=3E the power and fuel savings. Well chums, I formulated it out of whiting,
=3E and alumina hydrate which were the colosest I could get to the pure =
=3E fired it to cone 8 flat 9 over. Not the prettiest glaze I have ever =
=3E just a friable white powder. Now had I made it out of the mineral
=3E shown in the chart it would have melted. What are those minerals. On the
=3E is says Tridymite, Anorthite and Pseudowollastonite. You ever heard of
=3E Can you buy them? In fact I ran a whole series of tests combining =
=3E you can buy at the ceramic supply house. The best was from Wollastonite,
=3E and Whiting. This fused and gave an indication that with the addition of=
=3E supplementary flux (I would use Soda Felspar) it would be an excellent
=3E Now methinks there is some confusion about what is intended and what can
=3E interpreted.
=3E My confusion arises because there is another term, not often seen, which
=3E =22DEFORMATION EUTECTIC=22 (sorry, not shouting) I emphasise because it =
hard to
=3E find anything about the concept and most books ignore it. At this point =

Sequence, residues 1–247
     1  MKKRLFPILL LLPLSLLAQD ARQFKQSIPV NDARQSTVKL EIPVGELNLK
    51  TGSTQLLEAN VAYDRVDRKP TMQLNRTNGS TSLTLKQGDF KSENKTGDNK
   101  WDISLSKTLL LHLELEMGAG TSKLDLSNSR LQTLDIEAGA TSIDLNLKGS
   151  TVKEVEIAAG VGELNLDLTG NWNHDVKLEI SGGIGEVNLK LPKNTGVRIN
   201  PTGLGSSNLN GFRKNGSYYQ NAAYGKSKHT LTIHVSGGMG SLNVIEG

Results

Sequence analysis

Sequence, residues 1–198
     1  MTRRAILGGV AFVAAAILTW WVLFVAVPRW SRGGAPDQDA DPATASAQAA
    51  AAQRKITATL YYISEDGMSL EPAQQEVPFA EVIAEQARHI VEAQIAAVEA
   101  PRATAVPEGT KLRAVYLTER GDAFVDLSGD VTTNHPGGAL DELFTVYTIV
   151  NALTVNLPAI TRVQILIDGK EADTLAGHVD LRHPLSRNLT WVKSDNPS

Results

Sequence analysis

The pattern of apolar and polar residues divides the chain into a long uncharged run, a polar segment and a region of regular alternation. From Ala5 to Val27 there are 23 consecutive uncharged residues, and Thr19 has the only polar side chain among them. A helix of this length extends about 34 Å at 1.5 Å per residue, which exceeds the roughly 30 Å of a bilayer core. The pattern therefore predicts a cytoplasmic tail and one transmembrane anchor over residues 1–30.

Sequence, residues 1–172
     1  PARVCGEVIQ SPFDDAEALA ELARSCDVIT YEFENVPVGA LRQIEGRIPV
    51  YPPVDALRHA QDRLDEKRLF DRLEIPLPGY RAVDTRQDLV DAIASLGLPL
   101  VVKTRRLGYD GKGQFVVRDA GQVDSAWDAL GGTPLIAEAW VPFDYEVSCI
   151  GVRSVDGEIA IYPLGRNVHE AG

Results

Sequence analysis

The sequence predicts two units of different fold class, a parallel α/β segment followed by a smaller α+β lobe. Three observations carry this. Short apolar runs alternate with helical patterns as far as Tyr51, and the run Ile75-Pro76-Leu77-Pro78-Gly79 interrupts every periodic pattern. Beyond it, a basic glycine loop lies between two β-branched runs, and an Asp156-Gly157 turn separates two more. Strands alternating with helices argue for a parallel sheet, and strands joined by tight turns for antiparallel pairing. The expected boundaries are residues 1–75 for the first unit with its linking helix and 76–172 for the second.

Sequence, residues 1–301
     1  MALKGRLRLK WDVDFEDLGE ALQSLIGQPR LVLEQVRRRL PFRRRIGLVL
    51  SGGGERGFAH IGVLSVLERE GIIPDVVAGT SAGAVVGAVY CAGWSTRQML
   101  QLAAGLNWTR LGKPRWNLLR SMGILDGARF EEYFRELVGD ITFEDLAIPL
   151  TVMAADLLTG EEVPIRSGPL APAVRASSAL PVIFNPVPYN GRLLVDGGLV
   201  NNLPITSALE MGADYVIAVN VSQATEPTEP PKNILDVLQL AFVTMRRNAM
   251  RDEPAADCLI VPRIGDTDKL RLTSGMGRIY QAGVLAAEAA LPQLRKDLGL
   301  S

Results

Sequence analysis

=3E to give a reference. A Deformation Eutectic is that point at which any
=3E of minerals or compounds will start to change shape under influence of =
=3E weight as it is heated. It could be assigned a temperature if the hot
=3E of the thermocouple were embedded in the specimen.
=3E So every time we use a cone or a bar which bends or droops we are
=3E Deformation Eutectic. We are not using the Thermodynamic Eutectic, =
=3E that
=3E =22=85.invariant (unique temperature, pressure, composition) point for a
system at
=3E which the phase reaction on the addition or removal of heat results in =
=3E increase or decrease respectively of the proportion of liquid to solid
=3E without change of temperature......=22
=3E Ernest M. Levin et al, =22Phase Diagrams for Ceramists=22 . P 6, note =
=3E by the National Bureau of Standards, 1964 . American Ceramics Society.
=3E Ohio.
=3E Sadly, though people talk and lecture about Glaze Chemistry the allied
=3E of Glaze Physics seems a forgotten topic. Perhaps it should be revived.
=3E Best wishes to all. Now I must go and load the kiln for another firing.
=3E Ivor Lewis.